As I’ve grown as a person and crafter, I’ve come to learn that we all eventually face projects that we don’t necessarily want to work on. In fact, we don’t even like them that much.
In some cases, we loathe them with our very existence.
I have met my bane and its name is the Worst Blanket Ever.
It all started when the first wife of my long-deceased father (wrap your head around that one) came to me and said, “My daughter is getting married next November and she absolutely adores peacocks. Could you make this blanket so I can give it to her as a gift?”
I clicked on the image of the link forwarded to me and I saw the same peacock blanket that had been making the rounds. You know how it is – one person makes it, everyone likes it, they share it, suddenly it’s everywhere (can we say “mermaid blanket?”) and everyone is wanting one with no knowledge of the work that is needed.
Now, I must confess that I have a tragic flaw; I give into peer pressure extremely easily when it comes to making others happy. So, I look at the blanket, remind myself that I’m kind of a fan of peacocks, and “Sure! Why not.”
“How much?” she asked.
“Eh, make it around $100. I know that’s steep for a blanket but it’ll cover the cost of both supplies and my time.”
“I think I can do that. Thank you!”
I figured, “Eh, what the heck. She’s giving me a year’s head start and I’ll make a little bit of money.”
I was wrong, y’all. I was very, very wrong. Currently, I am over $100 in yarn alone, and the pattern itself cost $5.
|All these colors used in one feather. Times a billion.|
Speaking of, let’s talk about patterns.
When you make them, test them. And don’t just do it yourself – have others test them. This is important, especially if you’re selling the pattern, because you don’t want anyone investing in your pattern and then finding out that it’s full of typos, doesn’t list any yarn that’s still available, or has major design flaws such as the gauge is completely off.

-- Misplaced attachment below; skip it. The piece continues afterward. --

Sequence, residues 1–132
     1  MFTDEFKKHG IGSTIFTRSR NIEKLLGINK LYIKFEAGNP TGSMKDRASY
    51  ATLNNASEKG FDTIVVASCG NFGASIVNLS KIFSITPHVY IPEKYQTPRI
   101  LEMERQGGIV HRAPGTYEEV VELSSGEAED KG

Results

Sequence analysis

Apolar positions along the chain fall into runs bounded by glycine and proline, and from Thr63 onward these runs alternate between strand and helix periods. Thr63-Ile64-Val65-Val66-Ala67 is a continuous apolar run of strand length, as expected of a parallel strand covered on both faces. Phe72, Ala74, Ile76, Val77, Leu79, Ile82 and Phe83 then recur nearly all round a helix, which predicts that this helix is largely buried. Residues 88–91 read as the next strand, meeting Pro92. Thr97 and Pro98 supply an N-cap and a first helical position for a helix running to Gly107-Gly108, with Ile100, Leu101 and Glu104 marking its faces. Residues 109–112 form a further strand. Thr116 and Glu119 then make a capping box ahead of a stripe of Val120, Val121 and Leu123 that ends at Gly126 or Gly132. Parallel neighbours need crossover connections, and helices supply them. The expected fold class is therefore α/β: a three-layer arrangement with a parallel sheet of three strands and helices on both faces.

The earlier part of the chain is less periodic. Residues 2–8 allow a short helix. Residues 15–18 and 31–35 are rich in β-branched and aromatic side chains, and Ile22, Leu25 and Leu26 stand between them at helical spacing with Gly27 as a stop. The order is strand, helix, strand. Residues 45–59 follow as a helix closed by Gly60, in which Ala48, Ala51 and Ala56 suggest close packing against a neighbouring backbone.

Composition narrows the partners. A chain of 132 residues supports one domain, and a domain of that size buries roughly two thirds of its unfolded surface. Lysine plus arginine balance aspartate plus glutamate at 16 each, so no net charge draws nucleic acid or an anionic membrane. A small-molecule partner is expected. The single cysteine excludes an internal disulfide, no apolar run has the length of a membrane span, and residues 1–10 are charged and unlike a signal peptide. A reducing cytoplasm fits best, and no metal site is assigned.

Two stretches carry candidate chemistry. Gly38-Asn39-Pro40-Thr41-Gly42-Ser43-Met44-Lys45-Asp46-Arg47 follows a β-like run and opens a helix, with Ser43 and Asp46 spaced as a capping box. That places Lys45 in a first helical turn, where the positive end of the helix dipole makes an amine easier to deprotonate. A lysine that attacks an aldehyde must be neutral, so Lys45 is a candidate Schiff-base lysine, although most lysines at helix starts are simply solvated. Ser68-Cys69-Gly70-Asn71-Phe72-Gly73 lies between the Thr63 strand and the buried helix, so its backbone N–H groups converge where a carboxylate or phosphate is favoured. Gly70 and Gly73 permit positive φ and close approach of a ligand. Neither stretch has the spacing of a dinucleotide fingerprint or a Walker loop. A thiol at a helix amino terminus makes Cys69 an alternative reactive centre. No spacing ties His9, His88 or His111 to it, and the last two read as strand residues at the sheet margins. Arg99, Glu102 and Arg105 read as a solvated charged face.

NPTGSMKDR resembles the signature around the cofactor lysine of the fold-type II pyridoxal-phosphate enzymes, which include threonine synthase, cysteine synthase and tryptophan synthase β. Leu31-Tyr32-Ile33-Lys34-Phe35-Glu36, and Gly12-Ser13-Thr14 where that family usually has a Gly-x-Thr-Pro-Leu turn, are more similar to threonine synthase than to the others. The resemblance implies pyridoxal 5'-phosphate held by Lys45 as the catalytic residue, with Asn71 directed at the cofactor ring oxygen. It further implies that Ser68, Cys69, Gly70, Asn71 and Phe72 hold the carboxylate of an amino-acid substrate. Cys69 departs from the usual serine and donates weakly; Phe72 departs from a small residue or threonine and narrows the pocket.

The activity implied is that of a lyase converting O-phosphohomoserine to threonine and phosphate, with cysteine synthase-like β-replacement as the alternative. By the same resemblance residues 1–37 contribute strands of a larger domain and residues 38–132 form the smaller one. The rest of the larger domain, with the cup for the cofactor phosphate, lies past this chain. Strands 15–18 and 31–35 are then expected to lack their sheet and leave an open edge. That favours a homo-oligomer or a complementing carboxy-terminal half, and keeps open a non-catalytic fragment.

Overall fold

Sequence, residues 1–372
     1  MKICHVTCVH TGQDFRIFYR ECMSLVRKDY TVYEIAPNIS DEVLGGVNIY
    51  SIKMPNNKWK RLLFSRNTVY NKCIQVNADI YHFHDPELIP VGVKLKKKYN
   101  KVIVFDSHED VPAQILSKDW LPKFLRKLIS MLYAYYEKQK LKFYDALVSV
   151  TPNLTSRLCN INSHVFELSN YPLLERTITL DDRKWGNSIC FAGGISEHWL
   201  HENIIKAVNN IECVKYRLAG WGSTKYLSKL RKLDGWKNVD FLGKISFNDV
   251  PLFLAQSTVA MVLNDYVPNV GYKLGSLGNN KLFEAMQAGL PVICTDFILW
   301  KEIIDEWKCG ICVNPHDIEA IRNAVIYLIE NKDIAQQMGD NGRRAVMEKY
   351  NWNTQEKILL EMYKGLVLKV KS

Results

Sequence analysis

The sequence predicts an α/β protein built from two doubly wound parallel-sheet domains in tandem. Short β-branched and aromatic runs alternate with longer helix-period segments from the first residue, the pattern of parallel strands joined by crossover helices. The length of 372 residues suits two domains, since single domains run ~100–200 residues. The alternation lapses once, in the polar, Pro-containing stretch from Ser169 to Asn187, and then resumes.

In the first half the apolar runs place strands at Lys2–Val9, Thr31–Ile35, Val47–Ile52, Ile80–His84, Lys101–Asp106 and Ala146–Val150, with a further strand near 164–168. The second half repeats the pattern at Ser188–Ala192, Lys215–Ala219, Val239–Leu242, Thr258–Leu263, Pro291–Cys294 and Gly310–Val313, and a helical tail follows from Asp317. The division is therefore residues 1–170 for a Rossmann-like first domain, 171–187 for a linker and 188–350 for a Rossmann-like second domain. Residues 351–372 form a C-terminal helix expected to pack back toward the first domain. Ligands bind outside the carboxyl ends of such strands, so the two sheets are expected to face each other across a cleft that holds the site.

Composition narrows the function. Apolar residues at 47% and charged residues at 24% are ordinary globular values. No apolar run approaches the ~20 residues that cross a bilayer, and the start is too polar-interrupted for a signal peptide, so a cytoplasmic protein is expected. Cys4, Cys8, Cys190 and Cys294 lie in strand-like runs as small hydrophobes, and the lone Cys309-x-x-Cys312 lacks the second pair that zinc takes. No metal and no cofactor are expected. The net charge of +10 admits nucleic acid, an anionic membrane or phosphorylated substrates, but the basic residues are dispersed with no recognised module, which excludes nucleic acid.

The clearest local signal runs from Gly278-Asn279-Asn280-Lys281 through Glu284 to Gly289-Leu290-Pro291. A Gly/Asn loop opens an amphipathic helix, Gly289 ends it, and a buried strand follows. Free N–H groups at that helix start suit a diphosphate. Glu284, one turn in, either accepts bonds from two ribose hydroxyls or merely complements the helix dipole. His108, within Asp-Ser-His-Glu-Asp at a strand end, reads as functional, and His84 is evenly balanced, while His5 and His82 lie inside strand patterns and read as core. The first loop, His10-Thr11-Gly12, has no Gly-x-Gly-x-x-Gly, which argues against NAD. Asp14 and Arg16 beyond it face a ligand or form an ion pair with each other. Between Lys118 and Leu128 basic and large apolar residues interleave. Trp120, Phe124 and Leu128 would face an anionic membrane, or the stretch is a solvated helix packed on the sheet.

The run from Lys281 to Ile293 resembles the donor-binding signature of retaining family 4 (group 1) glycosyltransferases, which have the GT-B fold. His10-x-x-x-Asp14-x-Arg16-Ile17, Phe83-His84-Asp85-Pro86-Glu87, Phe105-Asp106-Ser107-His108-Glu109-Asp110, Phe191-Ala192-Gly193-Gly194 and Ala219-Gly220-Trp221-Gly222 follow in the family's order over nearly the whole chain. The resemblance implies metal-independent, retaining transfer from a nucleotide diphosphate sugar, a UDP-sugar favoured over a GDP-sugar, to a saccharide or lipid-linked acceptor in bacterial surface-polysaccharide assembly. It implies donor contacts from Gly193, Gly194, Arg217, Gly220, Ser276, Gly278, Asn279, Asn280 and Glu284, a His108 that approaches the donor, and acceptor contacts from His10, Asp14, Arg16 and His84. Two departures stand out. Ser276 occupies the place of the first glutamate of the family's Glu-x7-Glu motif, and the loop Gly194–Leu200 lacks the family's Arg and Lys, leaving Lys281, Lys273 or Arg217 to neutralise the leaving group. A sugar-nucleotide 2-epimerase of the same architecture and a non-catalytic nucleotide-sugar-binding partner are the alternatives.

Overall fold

This last one is particularly important. The Worst Blanket Ever’s pattern listed a gauge saying one feather applique with an H hook (5mm) will be around 6 inches in diameter or so.
Yeah, that is a big fat fib, I’ll have you know. I am using an M hook to make these appliques and they’re still not six inches! And I’m not the only one who has come across this issue; at least twenty other people have made the same complaint. And if you use the directions provided, saying you will have a large comfy blanket, you will end up with a disappointingly inadequate baby-blanket size afghan. It’s just not cool to send out an untested pattern, folks.
Still, the blanket does seem pretty cool in the pictures so to heck with it. I’ll power on.
Through trial and error, I cast on about twice what the directions said for a nice-ish size blanket and found my M hook makes a good size applique that won’t have me making thousands upon thousands.
It has been six months since the request for this blanket has come in, and I am happy to report that the initial backing of the blanket is complete and about twenty-six appliques.
Twenty-six out of too many.
I will post my progress as I travel along with this nightmare of a monstrosity…. If it doesn’t kill me first.
Wish me luck!
And don’t make this blanket.
|Don't let my beauty fool you. I'm pure evil.|